Table 4 - Percentage composition of total degraded hydrocarbons in the analyzed soil samples of Senna alata polluted with spent engine oil 25

Table 5 - Percentage accumulation of hydrocarbons in Senna alata polluted with spent engine oil 27

Table 6 - Composition, quantity (ppm) and percentage of heavy metals in the vegetated and unvegetated soils of Senna alata polluted with spent engine oil 30

Table 7 - Composition, quantity (ppm) and percentage of heavy metals accumulated in the root, stem and leaf samples of Senna alata polluted with spent engine oil 32

Table 8 - Vegetative parameters of Senna alata before and after pollution (57 and 163 days after planting, respectively) 35

Table 9 - Root parameters of Senna alata 163 days after planting 40

Table 10 - Reproductive parameters of Senna alata 294 days after planting 50


Plate 1 - Senna alata seedlings, 57 days after planting (DAP) 16

Plate 2 - Senna alata plants 163 days after planting (106 days after pollution) 38

Plate 3 - Control Senna alata showing no aerial roots produced (56 days after pollution) 41

Plate 4 - Control Senna alata produced adventitious roots that entered the soil instead of aerial roots (106 days after pollution) 42

Plate 5 - 0.15% v/w (30 ml) treatment showing aerial roots produced by Senna alata (56 days after pollution) 43

Plate 6 - 0.15% v/w (30 ml) treatment showing aerial roots produced by Senna alata (106 days after pollution) 44

Plate 7 - 0.75% v/w (150 ml) treatment showing aerial roots produced by Senna alata (56 days after pollution) 45

Plate 8 - 0.75% v/w (150 ml) treatment showing aerial roots produced by Senna alata (106 days after pollution) 46

Plate 9 - 3.75% v/w (750 ml) treatment showing numerous aerial roots produced by Senna alata (56 days after pollution) 47

Plate 10 - 3.75% v/w (750 ml) showing numerous aerial roots produced by Senna alata (106 days after pollution) 48

Plate 11 - Senna alata polluted with spent engine oil at flowering stage 51

Plate 12 - Pods of Senna alata polluted with spent engine oil 52

Plate 13 - Seeds of Senna alata polluted with spent engine oil 53


Figure 1: Percentage degraded hydrocarbons by Senna alata polluted with spent engine oil 26

Figure 2: Percentage accumulation of hydrocarbons in the root, stem and leaf samples of Senna alata

polluted with spent engine oil 28

Figure 3: Percentage quantities of heavy metals in the unvegetated soil and soil vegetated with Senna alata 31

Figure 4: Percentage quantities of accumulated heavy metals in the root, stem and leaf samples of

Senna alata polluted with different concentrations of spent engine oil 33

Figure 5: Vegetative parameters of Senna alata before pollution (57 DAP) 36

Figure 6: Vegetative parameters of Senna alata after pollution (163 DAP) 37



Background information

The disposal of spent engine oil (SEO) into gutters, water drains, open plots and farms is a common practice in Nigeria especially by motor mechanics. These oils, also called spent lubricating or waste engine oil, is usually obtained after servicing and subsequently drained from automobile and generator engines (Anoliefo and Vwioko, 2001) and much of this oil is poured into the soil. This indiscriminate disposal of spent engine oil adversely affect plants, microbes and aquatic lives (Nwoko et al., 2007; Adenipekun et al., 2008) because of the large amount of hydrocarbons and highly toxic polycyclic aromatic hydrocarbons contained in the oil (Wang et al., 2000; Vwioko and Fashemi, 2005). Heavy metals such as vanadium, lead, aluminium, nickel and iron which are found in large quantities in used engine oil may be retained in soil, in form of oxides, hydroxides, carbonates, exchangeable cation and/or bound to organic matters in the soil (Ying et al., 2007). These heavy metals may lead to build up of essential organic (carbon, phosphorous, calcium, magnesium) and non-essential (magnesium, lead, zinc, iron, cobalt, copper) elements in soil which are eventually translocated into plant tissues (Vwioko et al., 2006). Although heavy metals in low concentration are essential micronutrients for plants, but at high concentrations, they may cause metabolic disorder and growth inhibition for most of the plant species (Yadav, 2010). According to Nwadinigwe and Onwumere (2003), contamination of soil arising from oil spills affect the growth of plants and causes great negative impacts on food productivity (Onwurah et al., 2007). Therefore, these indiscriminate disposals of spent engine oil on the environment and the adverse effects on living organisms were the main reason for this research and so, there is a dire need to adopt a control measure that employs environmentally friendly methods. One of these methods is the use of plants to extract or degrade the pollutants into harmless chemicals. The use of plants to reclaim a damaged environment is called phytoremediation. In this work, attempt was made to use Senna alata L. to phytoremediate hydrocarbons and heavy metals present in SEO-polluted soil.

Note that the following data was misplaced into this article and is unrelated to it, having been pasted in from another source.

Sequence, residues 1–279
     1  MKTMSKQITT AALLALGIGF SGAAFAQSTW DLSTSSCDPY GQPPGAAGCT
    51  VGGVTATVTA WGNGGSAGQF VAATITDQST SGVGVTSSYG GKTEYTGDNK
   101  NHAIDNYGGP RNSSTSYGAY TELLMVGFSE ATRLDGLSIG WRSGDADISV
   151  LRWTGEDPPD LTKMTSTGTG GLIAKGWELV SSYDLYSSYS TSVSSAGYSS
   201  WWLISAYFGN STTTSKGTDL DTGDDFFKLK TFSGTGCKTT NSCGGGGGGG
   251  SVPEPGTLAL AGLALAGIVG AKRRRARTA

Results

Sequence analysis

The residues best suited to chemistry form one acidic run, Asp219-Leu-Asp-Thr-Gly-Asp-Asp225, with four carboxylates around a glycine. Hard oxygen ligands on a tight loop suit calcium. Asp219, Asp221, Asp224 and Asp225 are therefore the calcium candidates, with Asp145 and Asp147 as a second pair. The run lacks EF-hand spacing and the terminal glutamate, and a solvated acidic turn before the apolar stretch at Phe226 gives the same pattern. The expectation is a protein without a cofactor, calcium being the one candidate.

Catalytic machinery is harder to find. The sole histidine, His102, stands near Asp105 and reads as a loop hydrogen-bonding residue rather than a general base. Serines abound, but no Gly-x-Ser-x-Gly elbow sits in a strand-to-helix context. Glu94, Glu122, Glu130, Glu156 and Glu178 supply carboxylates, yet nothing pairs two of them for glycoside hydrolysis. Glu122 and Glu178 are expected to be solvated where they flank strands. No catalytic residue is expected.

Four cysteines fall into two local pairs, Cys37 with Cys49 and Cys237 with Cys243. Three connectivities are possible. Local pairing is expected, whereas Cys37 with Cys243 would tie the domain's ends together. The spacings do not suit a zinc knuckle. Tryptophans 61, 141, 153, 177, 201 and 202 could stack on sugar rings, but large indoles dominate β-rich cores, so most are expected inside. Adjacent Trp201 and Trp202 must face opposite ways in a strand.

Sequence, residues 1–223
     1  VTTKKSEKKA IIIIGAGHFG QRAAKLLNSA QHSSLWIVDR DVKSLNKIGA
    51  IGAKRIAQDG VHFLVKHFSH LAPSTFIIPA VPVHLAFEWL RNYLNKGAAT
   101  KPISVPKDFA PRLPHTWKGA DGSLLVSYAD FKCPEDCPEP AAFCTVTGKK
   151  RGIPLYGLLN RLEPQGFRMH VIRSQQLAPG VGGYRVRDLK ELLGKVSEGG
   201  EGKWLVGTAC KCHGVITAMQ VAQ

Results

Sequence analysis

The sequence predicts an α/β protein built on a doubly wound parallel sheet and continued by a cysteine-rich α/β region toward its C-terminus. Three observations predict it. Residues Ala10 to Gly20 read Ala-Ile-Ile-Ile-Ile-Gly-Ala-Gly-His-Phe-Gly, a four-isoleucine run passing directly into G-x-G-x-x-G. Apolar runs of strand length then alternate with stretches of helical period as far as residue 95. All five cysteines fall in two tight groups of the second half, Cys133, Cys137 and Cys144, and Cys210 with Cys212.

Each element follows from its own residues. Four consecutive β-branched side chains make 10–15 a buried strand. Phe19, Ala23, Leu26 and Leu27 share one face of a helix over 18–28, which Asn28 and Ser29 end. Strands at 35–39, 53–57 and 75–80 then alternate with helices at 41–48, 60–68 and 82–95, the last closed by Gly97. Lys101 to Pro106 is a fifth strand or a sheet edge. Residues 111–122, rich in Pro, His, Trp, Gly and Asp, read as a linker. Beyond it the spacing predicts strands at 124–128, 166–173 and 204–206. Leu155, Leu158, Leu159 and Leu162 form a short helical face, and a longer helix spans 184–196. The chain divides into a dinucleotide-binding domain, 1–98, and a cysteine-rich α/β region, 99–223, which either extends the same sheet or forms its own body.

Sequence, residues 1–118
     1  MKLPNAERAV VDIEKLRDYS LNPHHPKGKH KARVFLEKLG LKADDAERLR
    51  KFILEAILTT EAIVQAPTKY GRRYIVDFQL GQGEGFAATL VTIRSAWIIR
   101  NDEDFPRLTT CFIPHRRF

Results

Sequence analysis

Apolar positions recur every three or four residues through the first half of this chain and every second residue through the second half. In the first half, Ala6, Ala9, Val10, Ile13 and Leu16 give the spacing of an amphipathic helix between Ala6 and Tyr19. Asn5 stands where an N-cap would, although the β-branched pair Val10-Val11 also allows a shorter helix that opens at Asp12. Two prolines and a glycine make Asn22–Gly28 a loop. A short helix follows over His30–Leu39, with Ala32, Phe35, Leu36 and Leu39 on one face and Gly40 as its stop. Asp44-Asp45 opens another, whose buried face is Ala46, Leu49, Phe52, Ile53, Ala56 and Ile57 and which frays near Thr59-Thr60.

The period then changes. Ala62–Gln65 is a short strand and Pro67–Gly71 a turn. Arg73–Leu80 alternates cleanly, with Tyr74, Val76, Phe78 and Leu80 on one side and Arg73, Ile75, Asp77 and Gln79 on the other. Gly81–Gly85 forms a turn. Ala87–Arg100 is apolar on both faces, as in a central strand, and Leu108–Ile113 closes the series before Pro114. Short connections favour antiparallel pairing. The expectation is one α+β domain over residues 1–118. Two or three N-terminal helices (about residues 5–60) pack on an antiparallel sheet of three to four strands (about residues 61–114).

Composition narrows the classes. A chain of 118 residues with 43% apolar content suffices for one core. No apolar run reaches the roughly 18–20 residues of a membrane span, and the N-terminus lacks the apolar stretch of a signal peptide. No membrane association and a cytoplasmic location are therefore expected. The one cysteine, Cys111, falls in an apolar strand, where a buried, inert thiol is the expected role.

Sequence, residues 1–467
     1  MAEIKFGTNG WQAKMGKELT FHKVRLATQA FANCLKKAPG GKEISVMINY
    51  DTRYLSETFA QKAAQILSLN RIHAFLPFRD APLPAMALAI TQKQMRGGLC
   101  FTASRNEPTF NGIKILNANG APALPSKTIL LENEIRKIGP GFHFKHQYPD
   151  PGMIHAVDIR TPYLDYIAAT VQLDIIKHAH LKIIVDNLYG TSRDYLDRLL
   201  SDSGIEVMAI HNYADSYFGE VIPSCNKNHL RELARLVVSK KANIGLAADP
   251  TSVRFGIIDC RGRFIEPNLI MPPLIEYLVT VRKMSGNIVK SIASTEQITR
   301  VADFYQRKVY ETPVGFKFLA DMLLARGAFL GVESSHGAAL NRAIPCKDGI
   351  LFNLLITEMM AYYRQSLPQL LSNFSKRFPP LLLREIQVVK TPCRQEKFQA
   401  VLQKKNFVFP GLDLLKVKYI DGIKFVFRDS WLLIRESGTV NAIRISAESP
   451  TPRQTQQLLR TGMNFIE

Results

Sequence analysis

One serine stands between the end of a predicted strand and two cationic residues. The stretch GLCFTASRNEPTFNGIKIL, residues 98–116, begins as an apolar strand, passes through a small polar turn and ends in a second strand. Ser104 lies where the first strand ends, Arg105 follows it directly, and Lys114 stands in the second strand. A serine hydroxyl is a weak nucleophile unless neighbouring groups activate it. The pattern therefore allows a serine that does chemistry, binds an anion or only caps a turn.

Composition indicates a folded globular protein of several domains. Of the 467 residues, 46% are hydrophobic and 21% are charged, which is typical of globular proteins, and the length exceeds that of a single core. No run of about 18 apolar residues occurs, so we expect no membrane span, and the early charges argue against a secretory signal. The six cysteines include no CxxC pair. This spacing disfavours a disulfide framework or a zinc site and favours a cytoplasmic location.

Spent engine oil